Anorexia and bulimia are the two most well known eating disorders in the U.S., and until 2013 they were the only two eating disorders recognized by the American Psychiatric Association. For a long time, doctors and researchers have tried—with only partial success—to uncover the underlying causes for the onset of anorexic and bulimic eating behaviors. The authors of a new study, published in June 2013 in the American Journal of Psychiatry, may have discovered a new underlying contributor to these behaviors: abnormal function in the part of the brain responsible for coordinating taste input from the tongue with the ability to accurately gauge one’s current level of appetite.
Potential Anorexia Causes
People affected by anorexia develop severely dysfunctional eating behaviors as a result of several main psychological factors, including loss of the ability to accurately perceive their body size and body image, an entrenched and illogical belief that they weigh much more than they should, a fixation on getting thin enough to meet their irrational expectations, and an extreme fear of failing to meet those expectations. Most individuals with the disorder express these misperceptions and obsessions by consistently and heavily limiting their daily food intake. However, some affected individuals also periodically drop their food restrictions and engage in limited episodes of food binging. Doctors and researchers have not pinpointed a specific cause for the development of the psychological factors that drive anorexic behavior, the Mayo Clinic notes. Current theory holds that the condition probably stems from several overlapping causes. The list of potential causes at work in any given individual includes perfectionist or obsessive-compulsive personality traits, genetically inherited alterations in brain function or personality formation, chemical imbalances in the brain, and social influences such as peer pressure, celebrity worship, and a culture-wide preoccupation with notions of thinness.
Potential Bulimia Causes
People with bulimia also have psychological problems that contribute to a severely dysfunctional relationship with issues related to body weight, body shape, food and eating. The main outward manifestation of these problems is periodic participation in food binges that feature extremely high calorie intake. In the classic form of the disorder, affected individuals try to counteract the effects of these binges by purging recently consumed calories through vomiting or the use of enemas, laxatives or diuretics. In another form of the disorder, called non-purging bulimia, affected individuals attempt to prevent weight gain by doing such things as exercising heavily, undertaking food fasts, or imposing rigorous dietary restrictions between binges. As is true with anorexia, doctors and researchers believe that bulimic eating patterns likely result from the overlapping influence of a number of underlying causes. Potential contributing factors in any given case of the disorder include a family history of bulimia, personality traits that emphasize self-criticism or poor impulse control, genetic predisposition, chemical imbalances in the brain, extraordinary stress, a personal history of rape or physical assault, and the same cultural and social influences that promote the onset of anorexia.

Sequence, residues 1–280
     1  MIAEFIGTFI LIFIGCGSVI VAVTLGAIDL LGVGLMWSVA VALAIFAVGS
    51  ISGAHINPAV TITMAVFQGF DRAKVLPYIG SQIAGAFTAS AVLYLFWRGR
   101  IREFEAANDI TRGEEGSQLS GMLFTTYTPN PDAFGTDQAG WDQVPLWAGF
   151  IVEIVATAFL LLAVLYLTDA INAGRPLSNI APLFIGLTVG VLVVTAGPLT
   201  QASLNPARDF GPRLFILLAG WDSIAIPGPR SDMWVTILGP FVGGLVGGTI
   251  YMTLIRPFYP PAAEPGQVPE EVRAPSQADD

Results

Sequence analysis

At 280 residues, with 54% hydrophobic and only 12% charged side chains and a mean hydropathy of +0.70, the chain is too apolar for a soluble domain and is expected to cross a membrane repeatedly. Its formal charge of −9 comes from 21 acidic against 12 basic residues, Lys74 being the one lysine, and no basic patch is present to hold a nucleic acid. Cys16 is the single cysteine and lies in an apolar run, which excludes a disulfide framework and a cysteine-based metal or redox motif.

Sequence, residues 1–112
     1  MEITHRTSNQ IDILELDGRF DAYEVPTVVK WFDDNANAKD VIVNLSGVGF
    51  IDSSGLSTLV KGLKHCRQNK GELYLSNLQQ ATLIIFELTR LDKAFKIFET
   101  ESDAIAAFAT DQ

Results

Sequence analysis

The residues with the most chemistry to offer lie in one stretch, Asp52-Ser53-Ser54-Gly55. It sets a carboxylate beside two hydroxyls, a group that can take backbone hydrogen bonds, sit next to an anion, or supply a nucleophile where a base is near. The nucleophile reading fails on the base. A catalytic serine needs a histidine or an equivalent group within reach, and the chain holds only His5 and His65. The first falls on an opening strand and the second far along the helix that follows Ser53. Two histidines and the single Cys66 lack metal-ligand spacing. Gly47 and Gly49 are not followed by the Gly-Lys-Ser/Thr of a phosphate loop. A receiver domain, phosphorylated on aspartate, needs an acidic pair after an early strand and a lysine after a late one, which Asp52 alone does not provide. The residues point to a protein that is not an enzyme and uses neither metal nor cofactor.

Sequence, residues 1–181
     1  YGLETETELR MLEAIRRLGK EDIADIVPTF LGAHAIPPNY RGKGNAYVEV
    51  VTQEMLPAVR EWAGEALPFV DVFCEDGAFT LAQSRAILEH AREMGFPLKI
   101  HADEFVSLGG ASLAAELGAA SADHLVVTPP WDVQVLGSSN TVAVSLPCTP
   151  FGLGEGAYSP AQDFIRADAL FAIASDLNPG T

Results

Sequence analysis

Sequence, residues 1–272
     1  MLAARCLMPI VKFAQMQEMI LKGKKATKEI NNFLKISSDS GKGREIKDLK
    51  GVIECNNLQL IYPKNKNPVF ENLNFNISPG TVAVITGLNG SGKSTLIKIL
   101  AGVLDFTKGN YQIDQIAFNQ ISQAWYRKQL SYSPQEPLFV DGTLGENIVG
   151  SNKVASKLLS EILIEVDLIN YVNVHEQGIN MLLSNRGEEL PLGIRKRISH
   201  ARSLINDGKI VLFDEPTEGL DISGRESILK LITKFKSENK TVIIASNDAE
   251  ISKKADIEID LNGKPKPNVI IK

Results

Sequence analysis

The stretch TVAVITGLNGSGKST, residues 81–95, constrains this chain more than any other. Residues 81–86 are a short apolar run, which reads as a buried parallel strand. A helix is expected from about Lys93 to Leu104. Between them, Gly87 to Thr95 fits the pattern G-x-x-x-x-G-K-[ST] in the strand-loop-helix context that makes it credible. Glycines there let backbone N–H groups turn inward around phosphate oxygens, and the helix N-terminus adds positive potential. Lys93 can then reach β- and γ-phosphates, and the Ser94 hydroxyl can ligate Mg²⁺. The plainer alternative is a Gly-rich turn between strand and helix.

In the study published in the American Journal of Psychiatry, a team of researchers from UC San Diego used an imaging technology called fMRI (functional magnetic resonance imaging) to examine the brains of 28 women who had been successfully treated for anorexia or bulimia. For comparison’s sake, the researchers also used the same technology to examine the brains of 14 women unaffected by either anorexia or bulimia. During the study, all of the women were given small doses of sugar just prior to their fMRI scans in order to activate the brain processes for taste and hunger. After reviewing the fMRI results, the authors of the study concluded that, when compared to women without an eating disorder, women with a history of anorexia have an unusually low level of responsiveness in the part of the brain that coordinates the sense of taste with one’s perceived level of hunger. Conversely, women with a history of bulimia have an unusually high level of responsiveness in this same brain area. The authors believe that lack of normal responsiveness in people with anorexia may indicate a reduced ability to pick up on the body’s hunger signals. They also believe that excessive responsiveness in people with bulimia may indicate an overly amplified sensitivity to the same signals; in turn, these brain changes may act as previously unidentified core causes of the onset of anorexic and bulimic eating behaviors. The UCSD researchers said that identifying abnormal neural substrates could help to reformulate the basic pathology of eating disorders and offer new targets for treatment. “It may be possible to modulate the experience by, for example, enhancing insula activity in individuals with anorexia or dampening the exaggerated or unstable response to food in those with bulimia,” said Walter H. Kaye, author of the research. Studies indicate that healthy subjects can use real-time fMRI, biofeedback or mindfulness training to alter the brain’s response to food stimuli. For patients with anorexia who have an overly active satiety signal in response to palatable foods, the researchers suggest bland or even slightly aversive foods might prevent the brain’s overstimulation. Medications may also be found that enhance the reward response to food, or decrease inhibition to food consumption in the brain’s reward circuitry.